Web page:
Joho the Blog » Why social software now?

Why social software now?

A small brouhaha is brewhaha-ing over whether “social software” is mere hype. (See Frank Paynter, for example.) After all, the category is about as broad as “software for people” and includes technology as old as holding hands.

And yet it’s the thing I came away from the O’Reilly Conference most excited about.

First, I consider social software actually to be emergent social software. That narrows the field to software that enables groups to form and organize themselves. Yes, it’s still broad but at least it’s not coextensive with any software that has a user interface.

Second, it doesn’t much matter to me whether the software is new or old. I’m excited about the fact that that type of software is now being recognized (i.e., “hyped”) as important. And my question is: Given that most of the software is old, why is this category now becoming hot?

Sure, in part it’s because consultants (like, um, me) and writers (like, um um, me) now have something new to flap their gums about. But, more important, I think and hope it’s because the central idea behind emergent social software is now becoming acceptable: We’re beginning to think that letting groups start without rules, letting people organize themselves as they see fit at the moment and in that context, is actually a good idea and not just a waste of time, a hippy dream, or a threat. Gosh, maybe a wiki isn’t only an invitation to vandals but is a useful way for people to collaborate! But to think so means trusting groups of people to work well together even when their choke collars are undone.

Much emergent social software may be old hat, but that now we’re willing to recognize its value is pretty damn exciting.

19 Responses to “Why social software now?”

  1. I think that social software is on the rise now because not only is it technologically a high point, but socially (no pun intended), it’s huge. People that know nothing about the Internet want LiveJournals and YahooGroups. MoveableType is erupting with its new TypePad project. So many people are interested in this technology whose fundamentals have long been around yet laid dormantly undeveloped to their full potential.

    I honestly feel like social software will be around and developed for as long as society has the need to communicate with each other and the Internet impacts our lives as much as it does today.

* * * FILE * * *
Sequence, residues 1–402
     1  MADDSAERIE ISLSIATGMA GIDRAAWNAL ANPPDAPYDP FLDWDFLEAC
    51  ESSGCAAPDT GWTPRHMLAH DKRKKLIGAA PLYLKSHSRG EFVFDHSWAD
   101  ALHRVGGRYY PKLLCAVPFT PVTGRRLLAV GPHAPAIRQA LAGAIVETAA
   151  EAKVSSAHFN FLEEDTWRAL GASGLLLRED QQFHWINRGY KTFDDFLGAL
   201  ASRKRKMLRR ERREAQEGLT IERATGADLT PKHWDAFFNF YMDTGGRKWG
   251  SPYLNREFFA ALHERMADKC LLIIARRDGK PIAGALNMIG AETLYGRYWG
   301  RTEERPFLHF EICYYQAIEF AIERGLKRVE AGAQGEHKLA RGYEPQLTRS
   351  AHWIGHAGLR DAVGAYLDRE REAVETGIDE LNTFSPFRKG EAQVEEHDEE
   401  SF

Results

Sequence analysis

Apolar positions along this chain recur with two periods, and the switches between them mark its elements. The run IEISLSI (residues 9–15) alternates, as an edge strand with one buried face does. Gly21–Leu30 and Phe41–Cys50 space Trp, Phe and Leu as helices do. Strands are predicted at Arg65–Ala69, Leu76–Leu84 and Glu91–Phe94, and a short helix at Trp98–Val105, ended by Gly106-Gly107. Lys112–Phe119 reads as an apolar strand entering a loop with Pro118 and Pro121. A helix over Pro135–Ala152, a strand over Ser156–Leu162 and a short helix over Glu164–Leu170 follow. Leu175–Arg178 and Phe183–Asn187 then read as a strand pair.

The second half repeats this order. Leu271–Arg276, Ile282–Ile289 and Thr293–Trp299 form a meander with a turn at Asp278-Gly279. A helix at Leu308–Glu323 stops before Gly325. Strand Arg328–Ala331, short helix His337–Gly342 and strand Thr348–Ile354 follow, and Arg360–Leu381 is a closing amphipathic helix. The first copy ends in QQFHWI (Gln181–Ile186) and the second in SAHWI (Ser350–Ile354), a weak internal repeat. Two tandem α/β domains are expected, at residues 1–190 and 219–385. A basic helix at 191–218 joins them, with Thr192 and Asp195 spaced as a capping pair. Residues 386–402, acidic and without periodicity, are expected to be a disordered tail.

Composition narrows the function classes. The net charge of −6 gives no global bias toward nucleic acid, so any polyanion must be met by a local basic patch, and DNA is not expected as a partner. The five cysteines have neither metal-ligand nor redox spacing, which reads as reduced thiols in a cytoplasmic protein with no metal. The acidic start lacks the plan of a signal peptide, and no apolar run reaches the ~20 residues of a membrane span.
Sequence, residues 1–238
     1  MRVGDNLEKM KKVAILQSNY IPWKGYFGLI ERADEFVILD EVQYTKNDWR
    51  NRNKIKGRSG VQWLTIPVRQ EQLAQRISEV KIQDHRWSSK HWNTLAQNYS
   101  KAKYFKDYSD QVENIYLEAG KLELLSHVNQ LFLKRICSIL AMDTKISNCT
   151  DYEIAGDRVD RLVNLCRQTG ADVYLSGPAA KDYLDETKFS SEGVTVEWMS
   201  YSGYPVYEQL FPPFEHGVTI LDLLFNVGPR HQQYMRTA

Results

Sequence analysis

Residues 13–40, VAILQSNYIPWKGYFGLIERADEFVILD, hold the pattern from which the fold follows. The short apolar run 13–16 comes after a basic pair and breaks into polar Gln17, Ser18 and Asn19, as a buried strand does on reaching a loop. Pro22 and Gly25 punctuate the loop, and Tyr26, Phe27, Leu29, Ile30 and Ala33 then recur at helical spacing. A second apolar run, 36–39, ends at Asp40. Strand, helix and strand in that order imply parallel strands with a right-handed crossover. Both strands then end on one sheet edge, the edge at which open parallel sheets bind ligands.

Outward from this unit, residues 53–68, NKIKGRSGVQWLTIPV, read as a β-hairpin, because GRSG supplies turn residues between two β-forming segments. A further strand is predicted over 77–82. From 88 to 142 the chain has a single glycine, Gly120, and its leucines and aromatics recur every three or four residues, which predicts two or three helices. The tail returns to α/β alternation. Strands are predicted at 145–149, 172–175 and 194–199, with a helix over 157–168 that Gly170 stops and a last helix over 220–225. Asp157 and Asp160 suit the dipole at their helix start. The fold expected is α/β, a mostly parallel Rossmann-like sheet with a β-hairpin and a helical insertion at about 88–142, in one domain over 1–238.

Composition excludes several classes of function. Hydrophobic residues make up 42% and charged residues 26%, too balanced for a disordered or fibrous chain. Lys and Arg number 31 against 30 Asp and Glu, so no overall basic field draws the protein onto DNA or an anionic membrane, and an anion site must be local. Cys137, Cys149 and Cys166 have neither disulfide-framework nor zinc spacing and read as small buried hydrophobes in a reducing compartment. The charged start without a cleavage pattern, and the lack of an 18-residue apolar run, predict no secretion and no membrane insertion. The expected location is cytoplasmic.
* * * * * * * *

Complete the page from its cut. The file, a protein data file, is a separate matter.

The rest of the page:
2. I’m sure this is bad blogging/commenting etiquette to double post, but I wanted to say thank you for LiveBlogging the conferences you attended at ETCON. It was awesome.

  3. I can’t imagine that thanking anyone would ever be bad etiquette :) Thank *you*.

  4. “Hype” and “hope” are the key words here. In reality, there is nothing new about “social software” except the hype surrounding this particular label. Your definition of social software is designed to justify and hype and promote your own hope. Sure, blogs and wikis are newish in an evolutionary way, but it’s wise to assume they represent only steps on a path to nobody-knows-where-for-sure.

  5. Tom, my blog entry didn’t say the software was new. In fact, I say some of it is ancient. The piece is precisely on why there’s renewed interest in this not-new software. My definition of social software is designed to try to isolate that which (some) people are finding new and interesting about this not-new software.

  6. Why social software now?

    Because meeting people from the internet has ‘crossed the chasm’.

    Turn on the way back machine to 1995 and think about the idea that most people had about meeting people from online in the Real World. While a few of us thought it was good, the vast majority thought it was crazy.

    As the net becomes more and more a part of people’s live, the idea of meeting people online first, then in the Real World, is now widely accepted.

    The change isn’t occuring in software, it’s occurring in people’s minds. Finally the guy who loves to make wooden ships in the bottle is realizing there’s a ton of other ship builders out there and some of them live in his town. Only through the net can he find this out. And now it is socially acceptable by the mainstream for him to discuss his new community and meet his new friends in person.

  7. Well put, Michael.

  8. Many white collar workers find themselves, by choice or not, working as free angents or within informal professional networks. Under these circumstances, individuals have no choice but to volunteer, produce without certainty of return, and collaborate. Social software delivers a structure for collective productivity.

    See Hubert St. Onge’s insightful blog entry, in which he distinguishes between “entitlement” and “self-initiation” as working philosophies. Social software serves those individuals who choose “self-initiation”.

    http://www.eccop.com/blogs/public/archives/000038.html